The liquid film on top of your skin is slightly acidic (pH 4–6) due to sebum and sweat. This layer is known as the acid mantle. It's important that this low acid remains, as it controls the balance of microorganisms on your skin, and many of your skin's biological processes require a low acidic pH to function optimally. If one of these parts does not function optimally, the skin will suffer.
If one of these parts of our skin does not function optimally, the skin will pay a price for it. Fortunately, many of these problems can be solved with the right skincare routine. And they shouldn't be fancy, expensive products at all. The right cleanser, moisturizer and sunscreen can already do wonders for your skin.
Skin types and skin conditions
Skin types and conditions are a way of dividing your skin into a specific category and then treating them in a more targeted way. With these categories you can determine exactly what your skin needs, and therefore which products to use and how to use them best.
A skin type classifies your skin based on the amount of natural oil your own skin produces. Your skin type is relatively stable over time. The main types of skin types are:
Skin type describes how much oil, sebum from the pores and the lipids in the lipid matrix of the stratum corneum your skin produces.
Your skin may also suffer from one or more skin conditions that completely alter your skin's needs. Skin conditions can change a lot over time and can usually be managed with the right routine.
The most common skin conditions are listed below:
- Dehydration (dehydrated skin)
- Sensitive skin
- Skin aging
Dry and oily skin
Dry skin produces too little natural oil, while oily skin produces too much If you are very lucky you may have normal skin with the right amount of oil - in that case you should definitely do a happy dance :-).
Many people have combination skin, where the skin can be dry in some places and oily in others.
Although combination skin is often used as a separate classification, it is much more useful to indicate whether each part of your face is dry, normal or oily.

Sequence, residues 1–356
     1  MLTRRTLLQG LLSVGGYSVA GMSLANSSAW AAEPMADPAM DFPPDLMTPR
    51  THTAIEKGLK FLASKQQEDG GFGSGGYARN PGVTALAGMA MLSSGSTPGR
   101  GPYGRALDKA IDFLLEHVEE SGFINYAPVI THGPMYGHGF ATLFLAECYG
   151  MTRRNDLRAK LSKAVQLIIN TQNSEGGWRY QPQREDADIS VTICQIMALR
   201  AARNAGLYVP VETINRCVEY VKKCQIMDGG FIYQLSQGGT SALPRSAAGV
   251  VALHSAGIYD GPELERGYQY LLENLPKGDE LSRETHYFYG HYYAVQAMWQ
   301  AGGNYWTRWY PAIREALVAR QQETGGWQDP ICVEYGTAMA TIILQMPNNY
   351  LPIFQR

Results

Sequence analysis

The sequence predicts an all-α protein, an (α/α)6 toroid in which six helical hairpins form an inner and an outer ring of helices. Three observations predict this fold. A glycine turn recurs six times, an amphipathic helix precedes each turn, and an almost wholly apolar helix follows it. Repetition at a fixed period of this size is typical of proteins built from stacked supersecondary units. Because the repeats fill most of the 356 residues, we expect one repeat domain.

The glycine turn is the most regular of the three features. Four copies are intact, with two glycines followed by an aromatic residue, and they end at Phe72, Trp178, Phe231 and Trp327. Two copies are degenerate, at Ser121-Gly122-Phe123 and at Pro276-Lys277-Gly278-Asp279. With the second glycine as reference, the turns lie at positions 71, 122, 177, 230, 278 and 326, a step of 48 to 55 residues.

How do you recognize oily skin?
To find out if your skin is dry or oily, see which of the following characteristics best describes your skin. If your skin is in between then you have normal skin.
Different areas of your skin (forehead, nose, and cheeks) may have different skin types. Therefore, also study these separately, so that you know where your skin is dry and where it is more oily.
What determines your skin type?
Skin type is mainly determined by genes, but can sometimes change temporarily due to external factors such as stress, hormones, diet, weather, medication and your skin care.
Your skin usually also gets drier as you get older.
Skin Problems - Dehydration/Dehydration
Dehydration often occurs when your skin barrier is weakened and the upper layers of the skin cannot effectively prevent water from evaporating from the lower layers of the skin.
Dehydration is common in cold and dry weather, air conditioning, harsh cleaning, overexfoliation, and sun exposure.
Just like dry and oily skin, there is a genetic component to how prone your skin is to dehydration. Your skin may not always show signs of dehydration, but you will need to take extra steps to keep your skin hydrated when exposed to drying triggers.
Skin type and hydration
Well-hydrated skin should feel soft, smooth and plump. Both dry and oily skin can be dehydrated.
A dry skin is more prone to dehydration because oil helps to retain water in the skin. If your skin is oily but still feels tight and dry, it is likely dehydrated.
Signs of dehydrated skin:
- Your skin will feel tight after washing if you don't apply a moisturizing cream immediately after
- Your skin feels noticeably smoother after applying a moisturizing cream
- Your skin flakes easily
- Pinching 1cm of skin between your fingers creates small wrinkles
Skin problems - Sensitive skin
One of your skin's most important functions is to keep out chemicals, whether they're natural or man-made. The dead layers on the surface (the stratum corneum) work as a shield for the vulnerable, living layers.
What causes sensitive skin?
Sensitive skin usually occurs when the skin's ability to act as a protection against environmental irritants is weakened, allowing irritants and allergens to more easily reach the living layers of your skin and cause a burning and stinging sensation.
Many people with sensitive skin easily get red skin, but you can also have sensitive skin without visible redness or rash.
Dry skin is has a higher riskofsensitivity, because oil is important for maintaining a strong skin barrier
Signs of sensitive skin
- Skin care products often cause a rash, itching, burning or swelling.
- Your skin sometimes reacts to products such as jewellery, detergents, plasters or dyes.
- You have rosacea, dermatitis or eczema